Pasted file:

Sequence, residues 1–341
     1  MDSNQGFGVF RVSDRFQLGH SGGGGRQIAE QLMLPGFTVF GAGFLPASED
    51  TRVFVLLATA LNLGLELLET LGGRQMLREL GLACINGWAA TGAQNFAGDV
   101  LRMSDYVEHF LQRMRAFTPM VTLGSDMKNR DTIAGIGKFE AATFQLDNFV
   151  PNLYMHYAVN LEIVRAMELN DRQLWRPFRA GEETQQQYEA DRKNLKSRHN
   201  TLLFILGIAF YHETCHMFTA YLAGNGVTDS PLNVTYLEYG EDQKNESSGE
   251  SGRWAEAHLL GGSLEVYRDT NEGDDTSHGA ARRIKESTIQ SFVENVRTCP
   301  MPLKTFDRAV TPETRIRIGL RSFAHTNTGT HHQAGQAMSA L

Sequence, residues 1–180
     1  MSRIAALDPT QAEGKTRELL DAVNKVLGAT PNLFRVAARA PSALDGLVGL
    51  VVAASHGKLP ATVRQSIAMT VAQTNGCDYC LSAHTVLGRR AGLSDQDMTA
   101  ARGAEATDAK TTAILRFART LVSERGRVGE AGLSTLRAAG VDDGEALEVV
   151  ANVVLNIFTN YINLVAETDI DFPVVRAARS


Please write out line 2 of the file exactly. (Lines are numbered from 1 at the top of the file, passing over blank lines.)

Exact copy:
     1  MDSNQGFGVF RVSDRFQLGH SGGGGRQIAE QLMLPGFTVF GAGFLPASED